We recently attended an Innovate UK briefing event to understand more about the new Faraday Challenge (part of the Industrial Strategy Challenge Fund). If you want to learn about this funding stream, or didn’t get the opportunity to attend a briefing event yourself, below is our review of the key details.
The Future of vehicles
The needs and behaviors of future generations are the driving force behind innovation and technology development. We know right now that in the future we will be using vehicles which have batteries as their primary source of energy, and that clearly we will need to have completely different business models developed around how energy is stored and used.
‘It is estimated that 50% of vehicle production by 2030 will be electric or plug-in hybrid electric.’
(Source Innovate UK Blog)
The Faraday Challenge, part of the ISCF wave of funding, is set-up specifically to tackle the technological and commercial challenges currently facing UK Industry and Supply Chain. The investment will support the UK in becoming a world-leader in the design, development and manufacture of battery technologies for vehicle electrification.
Investing in the future: Faraday Challenge
In total, £246 million will be invested to develop world leading batteries, designed and manufactured in the UK, to fully exploit the industrial opportunity of vehicle electrification. The funding is made up of:
- EPSRC – Application led research £80 Million
- Innovate UK – CR&D £88 Million
- APC – Demo and testing capabilities £78 Million
For the latest wave of funding (August 2017), the following has been allocated:
- £10 million for collaborative feasibility studies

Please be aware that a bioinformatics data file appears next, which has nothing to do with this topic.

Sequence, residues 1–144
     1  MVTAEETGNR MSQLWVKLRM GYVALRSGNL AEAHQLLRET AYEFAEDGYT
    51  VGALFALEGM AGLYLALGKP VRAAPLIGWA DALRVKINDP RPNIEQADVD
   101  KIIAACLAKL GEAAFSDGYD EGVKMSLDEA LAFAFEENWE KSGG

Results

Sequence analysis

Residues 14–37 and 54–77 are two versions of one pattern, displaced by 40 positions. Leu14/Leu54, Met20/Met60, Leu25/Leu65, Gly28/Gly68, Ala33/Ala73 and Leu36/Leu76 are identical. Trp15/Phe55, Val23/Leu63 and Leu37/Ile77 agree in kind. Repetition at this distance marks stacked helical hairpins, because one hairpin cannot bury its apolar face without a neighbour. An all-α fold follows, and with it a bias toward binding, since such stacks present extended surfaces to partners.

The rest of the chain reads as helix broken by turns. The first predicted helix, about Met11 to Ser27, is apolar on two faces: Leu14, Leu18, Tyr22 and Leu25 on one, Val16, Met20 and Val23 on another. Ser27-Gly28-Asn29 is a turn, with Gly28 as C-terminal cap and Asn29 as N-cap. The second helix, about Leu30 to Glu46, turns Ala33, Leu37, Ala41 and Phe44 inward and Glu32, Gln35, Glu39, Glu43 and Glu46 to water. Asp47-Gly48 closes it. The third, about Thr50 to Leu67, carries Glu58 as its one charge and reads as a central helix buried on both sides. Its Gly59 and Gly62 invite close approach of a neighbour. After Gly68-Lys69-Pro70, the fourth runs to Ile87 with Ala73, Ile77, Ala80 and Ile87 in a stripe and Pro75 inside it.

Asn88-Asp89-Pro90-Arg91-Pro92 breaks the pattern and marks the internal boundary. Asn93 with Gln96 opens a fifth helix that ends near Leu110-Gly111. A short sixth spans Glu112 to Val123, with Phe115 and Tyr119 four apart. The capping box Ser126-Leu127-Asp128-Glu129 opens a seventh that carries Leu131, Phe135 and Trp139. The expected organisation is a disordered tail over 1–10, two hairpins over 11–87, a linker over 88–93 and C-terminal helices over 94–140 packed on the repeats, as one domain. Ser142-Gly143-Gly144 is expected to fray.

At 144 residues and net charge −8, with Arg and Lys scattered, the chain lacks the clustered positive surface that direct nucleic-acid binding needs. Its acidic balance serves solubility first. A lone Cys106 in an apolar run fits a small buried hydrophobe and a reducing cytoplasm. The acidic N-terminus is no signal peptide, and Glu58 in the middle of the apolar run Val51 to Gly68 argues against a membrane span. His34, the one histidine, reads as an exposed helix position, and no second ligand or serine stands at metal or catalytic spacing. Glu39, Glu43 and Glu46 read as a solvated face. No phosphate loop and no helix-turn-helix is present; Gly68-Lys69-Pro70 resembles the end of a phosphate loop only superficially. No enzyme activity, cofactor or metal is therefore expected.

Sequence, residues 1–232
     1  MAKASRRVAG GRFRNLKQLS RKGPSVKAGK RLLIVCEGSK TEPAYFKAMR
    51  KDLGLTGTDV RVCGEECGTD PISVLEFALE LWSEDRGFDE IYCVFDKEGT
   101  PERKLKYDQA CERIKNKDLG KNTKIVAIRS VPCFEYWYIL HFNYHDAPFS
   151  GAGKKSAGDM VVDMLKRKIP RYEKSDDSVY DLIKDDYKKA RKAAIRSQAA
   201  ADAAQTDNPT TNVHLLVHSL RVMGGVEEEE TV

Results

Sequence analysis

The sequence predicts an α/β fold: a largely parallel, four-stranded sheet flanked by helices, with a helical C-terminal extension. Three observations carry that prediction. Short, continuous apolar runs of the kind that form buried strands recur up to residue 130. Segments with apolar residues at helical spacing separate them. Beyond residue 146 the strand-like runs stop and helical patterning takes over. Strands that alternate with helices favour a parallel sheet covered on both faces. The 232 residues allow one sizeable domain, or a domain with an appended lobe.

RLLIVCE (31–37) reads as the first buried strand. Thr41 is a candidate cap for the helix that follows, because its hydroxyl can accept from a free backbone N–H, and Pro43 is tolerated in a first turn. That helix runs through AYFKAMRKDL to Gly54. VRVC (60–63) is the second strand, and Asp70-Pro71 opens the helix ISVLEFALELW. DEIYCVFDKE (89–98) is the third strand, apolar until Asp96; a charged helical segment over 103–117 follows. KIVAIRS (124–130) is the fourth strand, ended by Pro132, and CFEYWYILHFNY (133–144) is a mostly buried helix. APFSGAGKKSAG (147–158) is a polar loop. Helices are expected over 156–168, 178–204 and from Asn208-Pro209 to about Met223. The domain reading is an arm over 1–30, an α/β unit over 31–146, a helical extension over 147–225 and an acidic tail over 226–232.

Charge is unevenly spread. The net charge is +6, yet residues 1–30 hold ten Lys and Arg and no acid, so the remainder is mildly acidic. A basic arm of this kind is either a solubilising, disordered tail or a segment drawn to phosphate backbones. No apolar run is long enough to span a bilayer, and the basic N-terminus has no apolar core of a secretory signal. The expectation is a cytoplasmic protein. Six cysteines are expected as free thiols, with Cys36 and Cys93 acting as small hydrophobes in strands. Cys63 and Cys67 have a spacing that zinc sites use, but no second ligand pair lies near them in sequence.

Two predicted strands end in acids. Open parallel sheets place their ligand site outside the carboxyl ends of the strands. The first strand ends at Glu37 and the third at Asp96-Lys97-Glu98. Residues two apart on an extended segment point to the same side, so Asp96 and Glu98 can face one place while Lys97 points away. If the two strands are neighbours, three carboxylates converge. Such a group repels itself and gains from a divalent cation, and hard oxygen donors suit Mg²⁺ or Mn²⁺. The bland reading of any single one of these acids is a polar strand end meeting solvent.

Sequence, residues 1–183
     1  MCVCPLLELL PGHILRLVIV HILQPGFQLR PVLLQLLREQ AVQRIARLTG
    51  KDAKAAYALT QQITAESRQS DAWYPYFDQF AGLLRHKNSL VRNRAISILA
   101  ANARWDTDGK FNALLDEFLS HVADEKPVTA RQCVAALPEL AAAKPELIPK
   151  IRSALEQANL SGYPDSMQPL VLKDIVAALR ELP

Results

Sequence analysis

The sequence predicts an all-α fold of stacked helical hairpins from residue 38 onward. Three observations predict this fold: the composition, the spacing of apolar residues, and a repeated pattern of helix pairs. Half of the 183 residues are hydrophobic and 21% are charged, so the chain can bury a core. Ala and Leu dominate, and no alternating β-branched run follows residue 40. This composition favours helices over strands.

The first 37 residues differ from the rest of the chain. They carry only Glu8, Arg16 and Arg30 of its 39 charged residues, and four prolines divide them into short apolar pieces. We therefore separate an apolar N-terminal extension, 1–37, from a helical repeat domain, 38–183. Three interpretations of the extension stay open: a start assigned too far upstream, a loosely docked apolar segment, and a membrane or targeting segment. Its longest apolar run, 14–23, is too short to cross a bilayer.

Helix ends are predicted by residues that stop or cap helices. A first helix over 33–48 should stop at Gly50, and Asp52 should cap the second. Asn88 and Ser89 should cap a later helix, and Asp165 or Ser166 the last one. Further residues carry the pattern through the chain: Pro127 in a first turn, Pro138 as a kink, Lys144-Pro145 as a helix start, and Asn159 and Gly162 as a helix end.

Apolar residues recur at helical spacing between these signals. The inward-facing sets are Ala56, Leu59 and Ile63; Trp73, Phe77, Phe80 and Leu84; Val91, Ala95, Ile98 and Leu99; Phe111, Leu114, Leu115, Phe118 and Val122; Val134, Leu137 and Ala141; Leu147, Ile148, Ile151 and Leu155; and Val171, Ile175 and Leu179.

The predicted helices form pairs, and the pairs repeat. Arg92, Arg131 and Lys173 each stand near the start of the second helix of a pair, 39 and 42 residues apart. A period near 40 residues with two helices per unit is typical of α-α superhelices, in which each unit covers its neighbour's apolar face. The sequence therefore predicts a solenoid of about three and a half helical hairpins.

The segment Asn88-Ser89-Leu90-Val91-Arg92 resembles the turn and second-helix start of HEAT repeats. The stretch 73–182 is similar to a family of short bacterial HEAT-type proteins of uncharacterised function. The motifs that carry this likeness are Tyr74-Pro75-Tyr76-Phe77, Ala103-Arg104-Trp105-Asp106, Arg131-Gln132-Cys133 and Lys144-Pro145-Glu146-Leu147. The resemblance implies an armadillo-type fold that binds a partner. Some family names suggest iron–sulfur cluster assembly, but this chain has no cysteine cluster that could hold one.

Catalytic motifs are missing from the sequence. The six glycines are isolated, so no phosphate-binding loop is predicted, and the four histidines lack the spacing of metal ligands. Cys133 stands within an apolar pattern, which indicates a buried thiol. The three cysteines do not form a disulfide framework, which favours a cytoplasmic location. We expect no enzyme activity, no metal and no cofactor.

- Feasibility studies expected to be £150k – £1m, 3-12mths in length
- £30 million for Collaborative R&D Projects
- R&D expected to be £1m – £15m up to 3 years – must be industry focused and expected to show scale up
For more information on these competitions see our latest funding calls overview. Or visit the Innovate UK (R&D element of the competition) & APC websites for full details.
Key timings and deadlines
|Competition opens||25th July 2017|
|Application deadline||NOON 14th September 2017|
|Invite to interview (R&D only)||6th October 2017|
|Interviews (R&D only)||26th October – 3rd November|
|Applicants informed||10th November 2017|
Considerations for the scope of the technology
During the briefing event we heard a heavy emphasis on recyclability, range, increased power/energy density and safety. The challenge is looking at new innovations in cell, module and pack production. Other considerations mentioned included:
- The battery as a system and management systems
- Recycling and charging times
- On and Off highway to also be considered (drones, maritime) but not small battery vehicles (wheelchairs and robots
- Projects will need to show how they draw on fundamental research
- Main stream and niche markets will be considered as well
- Out of Scope: Research only (Fundamental), Projects that would fall under APC (Large, high TRL etc.) Non-UK, Non-Automotive battery projects & Other electrical/mechanical energy storage.
Ensuring electric vehicle uptake in the future
The Faraday Challenge has big ambitions to become a new ‘application-inspired’ research programme coordinated at national scale and supporting the spirit of collaborative research and co-investment from industry.
The UK has immense potential to become a world-leader in the development and manufacturer of batteries for electric vehicles. However, ‘compatible infrastructure and a unified transport and energy system are also critical to electric vehicle uptake’. The recently launched £20 million Vehicle-to-Grid (V2G) competition seeks to support this by funding projects which aid the interaction between electric vehicles and the grid, paving the way for widespread adoption of electric vehicles.